“Queer Movie ‘Big Boys’ Screened at Outfest Los Angeles”.

A queer teenager endures blood, sweat, and tears — yes, literally — as he stumbles down a difficult path of self-acceptance in the writer-director’s “Big Boys.” Corey Shermanis the breathtaking debut film.

The coming-of-age comedy has its West Coast premiere on Saturday, July 22 Outfest Los Angeles after well-received spring screenings London’s BFI Flare Festival and the Provincetown International Film Festival.

Sherman, who lives in Los Angeles, drew heavily on his own youth experiences when writing the screenplay for Big Boys. This infuses the film with a level of intimacy and charm uncommon on the big screen, even for an independent production.

The film follows Jamie (played by Isaac Krasner), a 14-year-old boy who is excited to go camping on a remote California lake with his brother Will (Taj Cross) and cousin Allie (Dora Madison). To Jamie’s chagrin, Allie invites her new boyfriend Dan over (David Johnson III) to join the adventure.

Watch the trailer for Big Boys below.

At first, Jamie feels intimidated by Dan, who exudes confidence and cocky courage. Over time, the pair develop a deep bond that stirs up long-suppressed feelings in Jamie – in an endearingly awkward way.

In an interview with HuffPost conducted before the SAG-AFTRA strike, Sherman said he hopes to “capture the moment.” [a queer person] comes to themselves and realizes that they are okay with the thing inside that they have been resisting for quite some time.”

“I’ve always been curious to explore that moment in someone’s life when they overcome their isolation and find a sense of belonging or a sense of self-acceptance of their own,” he added. “This is the first time Jamie has met someone he’s truly fallen in love with in this way, and he sees how exhilarating and wonderful that can be.”

In recent years, several films and television series have explored the experience of an LGBTQ+ teenager or young adult in a world where queer people enjoy advancements such as same-sex marriage, but still face an uphill struggle when it comes to consummation Equivalence.

From left: Taj Cross, Isaac Krasner and David Johnson III "big boys"
From left: Taj Cross, Isaac Krasner and David Johnson III in “Big Boys”.

Gus Bendinelli/Perfect Dog Pictures

In 2017, Moonlight became the first LGBTQ film to win the Best Picture Oscar. About a year later, Love, Simon made history as Hollywood’s first major studio film with a gay teenage protagonist and spawned a wonderful spin-off show, Love, Victor.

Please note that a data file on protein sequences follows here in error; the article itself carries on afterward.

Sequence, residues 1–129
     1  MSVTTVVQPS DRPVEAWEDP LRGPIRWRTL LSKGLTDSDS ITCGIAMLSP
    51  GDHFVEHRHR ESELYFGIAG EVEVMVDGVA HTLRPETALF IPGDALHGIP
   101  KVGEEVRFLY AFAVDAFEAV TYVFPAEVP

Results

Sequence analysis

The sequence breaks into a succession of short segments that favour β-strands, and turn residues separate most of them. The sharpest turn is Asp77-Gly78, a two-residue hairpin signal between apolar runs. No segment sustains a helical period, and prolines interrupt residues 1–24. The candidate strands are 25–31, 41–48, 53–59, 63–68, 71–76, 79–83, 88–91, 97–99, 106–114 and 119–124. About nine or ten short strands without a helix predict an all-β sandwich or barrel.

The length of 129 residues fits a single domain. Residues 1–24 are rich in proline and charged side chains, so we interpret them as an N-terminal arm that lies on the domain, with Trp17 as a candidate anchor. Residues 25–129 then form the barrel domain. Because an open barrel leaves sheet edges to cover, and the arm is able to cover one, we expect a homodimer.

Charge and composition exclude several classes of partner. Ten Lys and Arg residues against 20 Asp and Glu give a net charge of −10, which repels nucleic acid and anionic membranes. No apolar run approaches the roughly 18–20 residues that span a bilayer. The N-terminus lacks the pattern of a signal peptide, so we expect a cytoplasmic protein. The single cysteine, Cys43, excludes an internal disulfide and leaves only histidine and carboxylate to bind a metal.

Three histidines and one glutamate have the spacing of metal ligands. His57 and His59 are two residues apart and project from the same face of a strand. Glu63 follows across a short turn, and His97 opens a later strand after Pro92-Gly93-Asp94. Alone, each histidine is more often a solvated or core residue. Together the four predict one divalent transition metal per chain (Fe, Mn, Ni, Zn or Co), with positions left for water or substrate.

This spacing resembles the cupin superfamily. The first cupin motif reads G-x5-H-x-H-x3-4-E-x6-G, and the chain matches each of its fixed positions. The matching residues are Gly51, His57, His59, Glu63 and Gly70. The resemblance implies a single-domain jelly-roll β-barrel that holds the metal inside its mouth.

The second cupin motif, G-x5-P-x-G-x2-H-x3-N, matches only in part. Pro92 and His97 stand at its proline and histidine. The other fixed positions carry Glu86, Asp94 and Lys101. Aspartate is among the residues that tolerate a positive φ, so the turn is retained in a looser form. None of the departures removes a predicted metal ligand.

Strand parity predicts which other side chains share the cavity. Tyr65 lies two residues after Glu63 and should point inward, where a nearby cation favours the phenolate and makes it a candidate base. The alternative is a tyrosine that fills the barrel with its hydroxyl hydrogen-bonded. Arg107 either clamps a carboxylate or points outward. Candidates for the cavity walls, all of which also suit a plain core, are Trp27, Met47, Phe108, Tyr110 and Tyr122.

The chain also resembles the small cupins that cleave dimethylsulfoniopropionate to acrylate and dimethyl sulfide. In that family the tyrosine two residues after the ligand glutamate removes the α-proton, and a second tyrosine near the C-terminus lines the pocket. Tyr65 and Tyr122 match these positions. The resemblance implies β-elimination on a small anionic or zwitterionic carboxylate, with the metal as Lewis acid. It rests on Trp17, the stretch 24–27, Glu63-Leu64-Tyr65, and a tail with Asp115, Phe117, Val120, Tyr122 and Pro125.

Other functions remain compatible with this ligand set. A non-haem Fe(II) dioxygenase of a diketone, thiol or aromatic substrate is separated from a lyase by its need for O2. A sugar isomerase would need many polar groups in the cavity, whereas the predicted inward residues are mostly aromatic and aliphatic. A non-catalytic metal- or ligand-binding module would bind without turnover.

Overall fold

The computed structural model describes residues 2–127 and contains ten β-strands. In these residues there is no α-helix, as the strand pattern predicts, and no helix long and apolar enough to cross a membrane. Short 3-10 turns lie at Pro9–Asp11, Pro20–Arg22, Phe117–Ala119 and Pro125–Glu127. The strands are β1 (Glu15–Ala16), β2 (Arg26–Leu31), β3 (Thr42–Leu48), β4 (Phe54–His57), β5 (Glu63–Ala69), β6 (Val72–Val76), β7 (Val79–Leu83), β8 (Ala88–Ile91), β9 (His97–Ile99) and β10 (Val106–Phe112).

And next month, Netflix viewers will once again be swept away by teenage friends Charlie (Joe Locke) and Nick (Kit Connor) when popular British series Heartstopper returns for a second season.

But as the title suggests, Big Boys differs from its mainstream predecessors in that it features a burly teenage protagonist who also happens to have dreams of a hairy older man.

“Being a tall guy myself, it was important to me that the actors playing these characters have that body type,” Sherman said. “There are many people who are attracted to taller people, but in movies and TV shows, the love interest is always someone who is thin and muscular. When a larger character is portrayed as romantic, it is despite their size or because they have a good sense of humor. But Jamie is attracted to Dan in part because of his height. I wanted my film to take that seriously.”

In portraying Jamie’s dizzying crush, Sherman opted for an unusual conceit. For these scenes he has an adult actor (Jack DeSanz) takes on the role of the adult Jamie and shows him how he presents himself in intimate situations with Dan.

"I've always been curious to explore that moment in someone's life when they overcome their isolation and find a sense of belonging." Filmmaker Corey Sherman told HuffPost.
“I’ve always been curious to explore that moment in people’s lives when they overcome their isolation and find a sense of belonging,” filmmaker Corey Sherman told HuffPost.

Katie Waldron/Perfect Dog Pictures

Given the inherent challenge of translating a teenage yearning for an adult into film, this choice prevents “big boys” from crossing the lines of good taste. For Sherman, it also made sense for Jamie to “imagine himself as a very dapper acting collegiate version of himself in a cable knit sweater because that’s who he is.”

Following this week’s Outfest screening, Sherman hopes “Big Boys” will be picked up for wider distribution, either in theaters or on a streaming platform. While he can’t go into specifics, he wants the film to broaden the scope of projects he can take on as a filmmaker in the future.

“I want to make films that seem smaller like this but also have a rich emotional life,” he said. “I love characters who wear their hearts on their sleeves and are extremely vulnerable, but also have a lot of love for the world.”

“Big Boys” will be shown on July 22nd Outfest Los Angeles. Viewers can also watch the film online July 24-30.

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